Egg Safety Tips
- Refrigerate eggs as soon as possible in their original carton in the coldest part of the refrigerator (usually the body of the fridge, not the door). Discard cracked or dirty eggs.
- Wash your hands, cooking utensils, and food preparation surfaces with soap and water after contact with raw eggs.
- Cook your eggs until both the white and the yolk are firm. (Salmonella could be in either part.)
- Use pasteurized egg whites like Egg Beaters in place of regular eggs. Or try pasteurized eggs, which look and taste like regular eggs but have been heated in the shell to kill bacteria and viruses. You can identify them by the red “P” that’s stamped on the carton or on each egg.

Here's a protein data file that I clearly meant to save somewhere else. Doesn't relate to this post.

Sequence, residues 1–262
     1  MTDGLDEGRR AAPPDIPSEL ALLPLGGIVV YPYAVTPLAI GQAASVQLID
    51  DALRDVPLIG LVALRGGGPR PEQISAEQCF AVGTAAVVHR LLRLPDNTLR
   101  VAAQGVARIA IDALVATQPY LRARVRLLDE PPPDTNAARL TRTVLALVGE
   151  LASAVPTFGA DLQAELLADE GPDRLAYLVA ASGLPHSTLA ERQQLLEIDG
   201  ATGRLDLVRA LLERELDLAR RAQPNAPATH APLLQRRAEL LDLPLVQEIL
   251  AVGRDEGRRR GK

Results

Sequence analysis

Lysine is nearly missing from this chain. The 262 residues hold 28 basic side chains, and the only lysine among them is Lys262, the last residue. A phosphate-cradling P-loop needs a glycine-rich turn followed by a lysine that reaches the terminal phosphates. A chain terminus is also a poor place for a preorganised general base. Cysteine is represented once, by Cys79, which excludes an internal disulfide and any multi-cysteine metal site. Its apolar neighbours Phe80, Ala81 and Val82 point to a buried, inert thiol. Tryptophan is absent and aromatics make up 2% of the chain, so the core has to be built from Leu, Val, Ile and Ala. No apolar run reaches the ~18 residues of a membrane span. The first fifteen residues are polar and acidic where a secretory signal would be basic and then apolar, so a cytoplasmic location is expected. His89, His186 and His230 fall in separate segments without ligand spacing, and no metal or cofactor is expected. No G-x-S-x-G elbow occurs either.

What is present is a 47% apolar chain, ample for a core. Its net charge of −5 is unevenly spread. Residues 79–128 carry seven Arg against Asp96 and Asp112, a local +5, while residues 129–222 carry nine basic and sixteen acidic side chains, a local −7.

- Eat cooked eggs promptly. They shouldn’t be kept warm (like in a steam table at a restaurant) or at room temperature for more than two hours.
- Avoid dishes made with raw or undercooked eggs. That includes homemade (or restaurant-made) Hollandaise sauce or Caesar salad dressing. Commercially bottled versions are okay.
Egg Nutrient Claims
Caged and cage-free hens typically eat the same corn-based diet, so there’s no nutritional difference between their eggs. But some producers supplement their hens’ diets with ingredients that raise the level of some nutrients.
Two large Eggland’s Best eggs, for example, contain 50 percent of the Daily Value for vitamin E. That’s 10 times as much as two regular large eggs contain. If an egg carton makes a claim, check the Nutrition Facts label to see what percent of a day’s worth of the nutrient the eggs supply.
The previous content is an excerpt from the article “Walking On Eggshells”, originally published in the November, 2010 Nutrition Action Healthletter.